In Exodus 3:1-6, we read about the famous 'burning bush' from which God revealed Himself to Moses, speaking as the Angel of the Lord ( traditionally the pre-incarnate Christ ) from the midst of the bush that was burning, 'but was not consumed'. The writer to the Hebrews no doubt recalled this very story when he wrote that 'our God is a consuming fire'' ( Hebrews 12:29 ). The immediate context of this statement is at the end of a discussion where the writer told his readers that they had indeed, as Jesus said in Matthew 12:28, come, 'not to the mountain that may be touched', but to 'the city of the living God, to the heavenly Jerusalem'. The writer, whom some believe was a student, or disciple ( follower ) of Paul's, no doubt had in mind Paul's words to this effect in Galatians 4:25 & 26. Speaking of the difference between the 'Old' and 'New' covenants which God had made with His people Israel; Paul wrote, 'for this Hagar is Mount Sinai in Arabia, and corresponds to Jerusalem which now is ( earthly, natural ), and is in bondage with her children-but the Jerusalem above ( heavenly, spiritual ) is free, which is the mother of us all'.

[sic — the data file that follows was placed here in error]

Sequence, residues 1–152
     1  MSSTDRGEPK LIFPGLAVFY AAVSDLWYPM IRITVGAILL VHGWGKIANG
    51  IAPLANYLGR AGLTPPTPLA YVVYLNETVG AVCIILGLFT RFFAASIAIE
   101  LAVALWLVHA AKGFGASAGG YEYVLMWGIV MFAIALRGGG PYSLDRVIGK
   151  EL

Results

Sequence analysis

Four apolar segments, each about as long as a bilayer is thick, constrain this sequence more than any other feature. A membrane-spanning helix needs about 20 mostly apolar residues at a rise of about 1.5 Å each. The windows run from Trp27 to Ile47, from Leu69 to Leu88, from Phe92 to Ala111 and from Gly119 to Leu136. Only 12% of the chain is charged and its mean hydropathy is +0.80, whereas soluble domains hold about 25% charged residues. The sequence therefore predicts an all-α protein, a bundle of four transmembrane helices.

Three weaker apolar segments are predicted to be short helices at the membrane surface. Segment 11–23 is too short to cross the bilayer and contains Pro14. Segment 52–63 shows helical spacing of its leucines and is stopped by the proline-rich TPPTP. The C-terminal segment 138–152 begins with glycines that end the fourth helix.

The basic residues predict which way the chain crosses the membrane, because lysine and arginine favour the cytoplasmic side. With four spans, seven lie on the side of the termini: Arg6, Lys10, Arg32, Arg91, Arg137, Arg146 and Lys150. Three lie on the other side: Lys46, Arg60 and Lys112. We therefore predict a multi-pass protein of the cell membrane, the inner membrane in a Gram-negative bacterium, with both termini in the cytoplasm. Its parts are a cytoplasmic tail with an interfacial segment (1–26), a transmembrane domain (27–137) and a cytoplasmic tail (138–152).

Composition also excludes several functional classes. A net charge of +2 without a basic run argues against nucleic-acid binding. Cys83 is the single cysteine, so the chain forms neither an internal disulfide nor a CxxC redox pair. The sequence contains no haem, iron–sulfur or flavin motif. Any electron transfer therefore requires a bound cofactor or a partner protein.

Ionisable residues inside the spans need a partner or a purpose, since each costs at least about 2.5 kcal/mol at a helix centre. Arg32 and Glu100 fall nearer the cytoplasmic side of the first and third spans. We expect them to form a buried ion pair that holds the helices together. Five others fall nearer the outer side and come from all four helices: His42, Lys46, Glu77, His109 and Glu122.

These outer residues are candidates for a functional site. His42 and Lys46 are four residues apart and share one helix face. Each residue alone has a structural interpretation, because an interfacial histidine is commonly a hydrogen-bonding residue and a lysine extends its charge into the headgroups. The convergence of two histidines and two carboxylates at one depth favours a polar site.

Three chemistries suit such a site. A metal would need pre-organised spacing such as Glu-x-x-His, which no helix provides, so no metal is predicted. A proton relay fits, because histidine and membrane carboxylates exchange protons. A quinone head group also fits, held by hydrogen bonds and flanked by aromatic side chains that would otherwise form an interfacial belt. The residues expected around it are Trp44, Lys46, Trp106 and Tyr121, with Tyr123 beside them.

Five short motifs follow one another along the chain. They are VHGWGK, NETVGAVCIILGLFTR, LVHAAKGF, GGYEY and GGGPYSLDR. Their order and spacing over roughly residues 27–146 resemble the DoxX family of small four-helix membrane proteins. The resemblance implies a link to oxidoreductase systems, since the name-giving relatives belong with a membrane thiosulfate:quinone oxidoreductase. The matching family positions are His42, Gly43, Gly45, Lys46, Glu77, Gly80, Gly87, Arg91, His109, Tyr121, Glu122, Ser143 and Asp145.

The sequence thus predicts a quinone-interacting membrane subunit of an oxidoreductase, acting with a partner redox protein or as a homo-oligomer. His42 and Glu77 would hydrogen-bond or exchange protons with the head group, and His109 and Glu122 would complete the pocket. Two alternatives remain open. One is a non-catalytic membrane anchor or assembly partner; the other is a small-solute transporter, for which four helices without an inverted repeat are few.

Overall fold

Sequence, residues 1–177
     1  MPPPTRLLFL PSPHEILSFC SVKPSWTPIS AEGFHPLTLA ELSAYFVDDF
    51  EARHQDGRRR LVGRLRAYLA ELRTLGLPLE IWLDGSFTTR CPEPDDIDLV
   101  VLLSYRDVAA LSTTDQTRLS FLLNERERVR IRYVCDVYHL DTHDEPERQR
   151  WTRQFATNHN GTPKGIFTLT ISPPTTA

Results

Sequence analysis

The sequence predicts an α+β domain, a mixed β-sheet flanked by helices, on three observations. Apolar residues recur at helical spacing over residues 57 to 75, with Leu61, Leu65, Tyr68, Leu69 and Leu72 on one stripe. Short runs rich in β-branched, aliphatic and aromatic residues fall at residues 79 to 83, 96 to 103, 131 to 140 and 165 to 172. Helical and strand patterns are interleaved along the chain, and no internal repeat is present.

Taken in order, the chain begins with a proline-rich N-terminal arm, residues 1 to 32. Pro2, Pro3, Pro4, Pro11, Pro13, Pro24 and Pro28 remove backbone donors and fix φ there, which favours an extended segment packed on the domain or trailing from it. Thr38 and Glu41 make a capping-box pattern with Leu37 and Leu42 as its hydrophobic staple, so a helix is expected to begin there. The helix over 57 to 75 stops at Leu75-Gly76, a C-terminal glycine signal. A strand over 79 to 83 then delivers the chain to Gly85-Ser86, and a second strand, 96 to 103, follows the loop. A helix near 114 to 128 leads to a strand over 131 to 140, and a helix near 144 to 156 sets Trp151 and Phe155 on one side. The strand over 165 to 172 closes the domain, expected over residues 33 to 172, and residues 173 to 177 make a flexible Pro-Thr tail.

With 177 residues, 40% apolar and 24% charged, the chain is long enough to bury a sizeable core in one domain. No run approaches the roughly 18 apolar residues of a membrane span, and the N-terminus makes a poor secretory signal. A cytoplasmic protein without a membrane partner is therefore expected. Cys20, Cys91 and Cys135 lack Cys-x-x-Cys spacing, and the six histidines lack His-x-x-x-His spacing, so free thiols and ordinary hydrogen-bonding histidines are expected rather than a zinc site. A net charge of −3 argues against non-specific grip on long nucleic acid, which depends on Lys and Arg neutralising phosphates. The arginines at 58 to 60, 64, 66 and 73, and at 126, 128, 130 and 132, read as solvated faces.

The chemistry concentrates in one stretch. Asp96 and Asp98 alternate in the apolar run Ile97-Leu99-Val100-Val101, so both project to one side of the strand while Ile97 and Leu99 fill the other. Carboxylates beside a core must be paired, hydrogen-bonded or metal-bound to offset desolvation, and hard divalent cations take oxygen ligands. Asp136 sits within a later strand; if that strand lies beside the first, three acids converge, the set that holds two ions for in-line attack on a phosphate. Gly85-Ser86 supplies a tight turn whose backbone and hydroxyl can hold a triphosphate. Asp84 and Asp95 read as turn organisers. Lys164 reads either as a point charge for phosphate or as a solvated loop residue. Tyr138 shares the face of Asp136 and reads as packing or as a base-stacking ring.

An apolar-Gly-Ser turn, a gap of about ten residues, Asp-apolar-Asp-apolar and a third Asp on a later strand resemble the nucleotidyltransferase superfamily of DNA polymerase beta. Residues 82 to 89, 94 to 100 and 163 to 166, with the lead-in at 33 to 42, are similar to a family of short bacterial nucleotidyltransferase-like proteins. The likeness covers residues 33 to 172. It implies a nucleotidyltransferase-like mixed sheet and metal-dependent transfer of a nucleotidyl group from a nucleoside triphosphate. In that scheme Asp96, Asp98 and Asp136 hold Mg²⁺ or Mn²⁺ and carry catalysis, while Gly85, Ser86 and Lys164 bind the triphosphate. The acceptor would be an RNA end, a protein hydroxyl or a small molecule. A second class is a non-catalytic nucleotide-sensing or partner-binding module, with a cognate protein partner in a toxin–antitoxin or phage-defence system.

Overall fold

'Why', you may ask, 'is he bringing this up; where is he going with this?'